Another thing I don't like about double-tap is it requires too much intelligence. If you're on your last cog and think you've got one cog left and hit the shifter, it drops you down a cog -- kind of the opposite of what you wanted. With Shimano, you're just reminded that there's nothing left -- and that you are old and decrepit and need more cogs. As far as shifting loads of cogs at a time, that's never been a big issue for me. I have a bump-stock on my shifters -- well, fast fingers.

-- Jay Beattie.


I rode a SRAM bike once on a North Carolina week long ride. About 60 miles.. SRAM had loner bikes you could ride during the event. So I did. I HATED pushing the double tap lever over a bit and intending to shift to an easier gear, but I did not push it far enough and shifted to a harder gear. Bad. Or wanting to shift to a harder gear, but pushing the lever too far and shifting to an easier gear. Bad. The SRAM shifters are garbage trying to make the same lever and the same pushing action do two opposite shifts.
  #13  
Old September 17th 19, 09:45 PM posted to rec.bicycles.tech
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Default Article about SRAM in Forbes

On Tuesday, September 17, 2019 at 3:21:05 PM UTC-4, wrote:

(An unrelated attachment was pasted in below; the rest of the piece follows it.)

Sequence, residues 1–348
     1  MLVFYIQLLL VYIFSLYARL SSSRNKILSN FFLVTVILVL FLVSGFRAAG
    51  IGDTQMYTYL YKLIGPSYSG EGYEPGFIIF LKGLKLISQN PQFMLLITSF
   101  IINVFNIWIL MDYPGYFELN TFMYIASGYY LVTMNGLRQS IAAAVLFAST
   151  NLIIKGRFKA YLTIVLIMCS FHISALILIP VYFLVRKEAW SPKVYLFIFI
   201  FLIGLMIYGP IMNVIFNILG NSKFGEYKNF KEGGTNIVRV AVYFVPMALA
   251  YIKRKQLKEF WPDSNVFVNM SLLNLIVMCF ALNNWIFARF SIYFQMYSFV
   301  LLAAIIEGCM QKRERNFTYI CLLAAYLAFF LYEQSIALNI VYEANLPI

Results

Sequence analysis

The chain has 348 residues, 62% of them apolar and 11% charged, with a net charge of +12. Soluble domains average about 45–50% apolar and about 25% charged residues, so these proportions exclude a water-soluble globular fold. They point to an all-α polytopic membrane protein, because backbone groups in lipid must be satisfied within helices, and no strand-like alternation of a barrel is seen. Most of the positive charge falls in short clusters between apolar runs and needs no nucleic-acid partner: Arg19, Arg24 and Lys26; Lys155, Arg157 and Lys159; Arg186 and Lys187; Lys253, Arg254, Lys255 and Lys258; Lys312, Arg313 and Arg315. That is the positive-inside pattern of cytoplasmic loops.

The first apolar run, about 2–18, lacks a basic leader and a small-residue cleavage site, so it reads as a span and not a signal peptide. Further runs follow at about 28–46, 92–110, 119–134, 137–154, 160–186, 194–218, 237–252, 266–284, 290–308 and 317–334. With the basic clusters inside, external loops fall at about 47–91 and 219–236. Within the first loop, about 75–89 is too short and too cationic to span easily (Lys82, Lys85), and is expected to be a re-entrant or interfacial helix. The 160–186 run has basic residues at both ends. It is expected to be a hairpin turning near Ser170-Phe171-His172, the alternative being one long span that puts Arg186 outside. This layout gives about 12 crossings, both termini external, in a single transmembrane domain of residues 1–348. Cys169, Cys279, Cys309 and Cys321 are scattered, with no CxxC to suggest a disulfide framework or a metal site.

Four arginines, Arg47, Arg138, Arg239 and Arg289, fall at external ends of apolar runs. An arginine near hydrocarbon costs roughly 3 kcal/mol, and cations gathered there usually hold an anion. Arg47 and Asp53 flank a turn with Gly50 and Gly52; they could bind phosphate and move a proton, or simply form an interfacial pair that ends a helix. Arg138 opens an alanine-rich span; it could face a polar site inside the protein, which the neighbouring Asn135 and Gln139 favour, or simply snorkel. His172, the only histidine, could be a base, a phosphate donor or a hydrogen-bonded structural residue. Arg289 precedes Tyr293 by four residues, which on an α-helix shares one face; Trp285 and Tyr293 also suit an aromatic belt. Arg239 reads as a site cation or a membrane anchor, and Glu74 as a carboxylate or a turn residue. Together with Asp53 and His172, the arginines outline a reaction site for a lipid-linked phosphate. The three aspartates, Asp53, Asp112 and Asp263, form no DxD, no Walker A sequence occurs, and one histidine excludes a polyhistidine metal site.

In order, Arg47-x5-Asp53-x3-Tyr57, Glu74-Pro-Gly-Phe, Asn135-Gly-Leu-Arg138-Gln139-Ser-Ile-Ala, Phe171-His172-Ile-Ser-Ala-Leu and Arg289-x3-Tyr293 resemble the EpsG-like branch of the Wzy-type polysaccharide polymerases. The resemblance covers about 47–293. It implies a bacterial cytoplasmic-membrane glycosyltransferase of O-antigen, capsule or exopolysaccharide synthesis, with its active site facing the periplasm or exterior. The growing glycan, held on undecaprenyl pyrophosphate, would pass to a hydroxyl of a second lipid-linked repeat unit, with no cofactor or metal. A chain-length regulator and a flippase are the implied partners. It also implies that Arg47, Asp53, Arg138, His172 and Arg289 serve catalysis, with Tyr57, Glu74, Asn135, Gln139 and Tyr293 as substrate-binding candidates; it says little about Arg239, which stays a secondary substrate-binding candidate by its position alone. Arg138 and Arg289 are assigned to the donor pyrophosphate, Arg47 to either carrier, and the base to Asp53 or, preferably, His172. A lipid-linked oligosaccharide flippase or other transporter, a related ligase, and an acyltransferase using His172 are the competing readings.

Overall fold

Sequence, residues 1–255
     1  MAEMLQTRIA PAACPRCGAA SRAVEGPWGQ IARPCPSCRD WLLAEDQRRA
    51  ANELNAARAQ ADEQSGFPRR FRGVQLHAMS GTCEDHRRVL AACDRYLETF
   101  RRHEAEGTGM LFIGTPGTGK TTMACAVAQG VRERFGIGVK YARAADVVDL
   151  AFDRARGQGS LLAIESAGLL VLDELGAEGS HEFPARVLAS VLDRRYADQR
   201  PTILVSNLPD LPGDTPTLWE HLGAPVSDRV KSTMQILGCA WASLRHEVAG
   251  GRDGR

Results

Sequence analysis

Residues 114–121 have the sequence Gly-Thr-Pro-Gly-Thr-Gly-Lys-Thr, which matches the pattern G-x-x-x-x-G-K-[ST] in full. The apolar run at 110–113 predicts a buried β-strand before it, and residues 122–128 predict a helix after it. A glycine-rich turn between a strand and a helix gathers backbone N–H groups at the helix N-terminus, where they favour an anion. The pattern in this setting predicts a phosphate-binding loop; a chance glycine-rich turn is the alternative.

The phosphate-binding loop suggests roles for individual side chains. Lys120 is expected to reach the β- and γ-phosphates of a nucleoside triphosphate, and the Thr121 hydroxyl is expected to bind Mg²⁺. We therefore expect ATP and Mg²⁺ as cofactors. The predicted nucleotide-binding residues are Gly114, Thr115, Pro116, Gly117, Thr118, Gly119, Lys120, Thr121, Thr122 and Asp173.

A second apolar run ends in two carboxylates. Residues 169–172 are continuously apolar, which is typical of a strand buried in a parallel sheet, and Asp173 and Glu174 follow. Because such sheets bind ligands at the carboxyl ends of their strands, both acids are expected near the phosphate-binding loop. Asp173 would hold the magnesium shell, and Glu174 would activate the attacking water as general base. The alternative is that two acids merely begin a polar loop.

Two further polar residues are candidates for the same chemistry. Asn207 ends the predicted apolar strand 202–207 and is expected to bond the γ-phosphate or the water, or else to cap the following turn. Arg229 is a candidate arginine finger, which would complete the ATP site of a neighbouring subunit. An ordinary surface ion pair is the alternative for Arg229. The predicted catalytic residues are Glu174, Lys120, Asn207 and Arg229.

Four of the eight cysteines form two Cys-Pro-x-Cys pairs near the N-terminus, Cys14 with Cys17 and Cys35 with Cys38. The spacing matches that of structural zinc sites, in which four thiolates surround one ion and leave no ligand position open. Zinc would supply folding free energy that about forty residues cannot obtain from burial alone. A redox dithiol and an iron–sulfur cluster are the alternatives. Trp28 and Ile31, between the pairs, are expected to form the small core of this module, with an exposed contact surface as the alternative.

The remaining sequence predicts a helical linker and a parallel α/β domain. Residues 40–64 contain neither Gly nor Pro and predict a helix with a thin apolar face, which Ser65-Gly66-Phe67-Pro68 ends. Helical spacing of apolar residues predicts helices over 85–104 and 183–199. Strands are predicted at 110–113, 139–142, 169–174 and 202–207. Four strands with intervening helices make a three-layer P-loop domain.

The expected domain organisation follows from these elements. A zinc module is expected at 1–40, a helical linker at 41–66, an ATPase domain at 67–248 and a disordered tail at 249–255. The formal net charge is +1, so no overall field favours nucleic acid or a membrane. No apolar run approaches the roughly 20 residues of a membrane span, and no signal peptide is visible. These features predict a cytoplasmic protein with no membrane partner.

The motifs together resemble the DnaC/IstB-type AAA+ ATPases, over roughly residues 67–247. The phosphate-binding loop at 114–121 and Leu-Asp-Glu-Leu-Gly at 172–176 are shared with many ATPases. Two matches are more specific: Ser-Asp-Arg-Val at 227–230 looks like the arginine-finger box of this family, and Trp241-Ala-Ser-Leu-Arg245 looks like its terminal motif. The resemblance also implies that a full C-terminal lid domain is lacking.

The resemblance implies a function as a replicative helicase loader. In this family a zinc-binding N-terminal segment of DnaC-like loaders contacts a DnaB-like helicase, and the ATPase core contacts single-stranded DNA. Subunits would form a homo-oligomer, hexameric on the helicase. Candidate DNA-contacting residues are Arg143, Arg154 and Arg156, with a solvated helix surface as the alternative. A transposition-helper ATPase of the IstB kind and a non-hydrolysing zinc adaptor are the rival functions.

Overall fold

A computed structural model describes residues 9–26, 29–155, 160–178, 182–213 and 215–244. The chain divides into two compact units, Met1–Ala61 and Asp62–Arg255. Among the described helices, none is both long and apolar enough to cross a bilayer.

On Tuesday, September 17, 2019 at 9:19:49 AM UTC-5, wrote:

I hope to replace the Mirage front derailleur and Mirage Ergo levers with 9-speed Veloce ones only because the Veloce are all silver and then I'd have a full 9-speed groupset on that bike.


OK. As long as you know you are doing the change for completely aesthetic reasons. For performance, there ain't no difference. I have Record, Chorus, Centaur, Veloce, and a Mirage part or two on 9 and 10 speed bikes. No difference in performance.


I like silver asthetics of the Veloce stuff which is why most of my 9-speed groupset is Veloce. I ONLY bought the two Mirage items because they were a LOT less than the Veloce at the time and I was tight for funds for bicycling stuff. I really don't care for black components unless I were building up a bike for stealth camping or touring and stopping somewhere where I'd want to hide the bike from view whilst I slept.

I'll keep the Mirage components for spares on my touring bike that also has Mirage Ergo 9-speed levers and rear derailleur.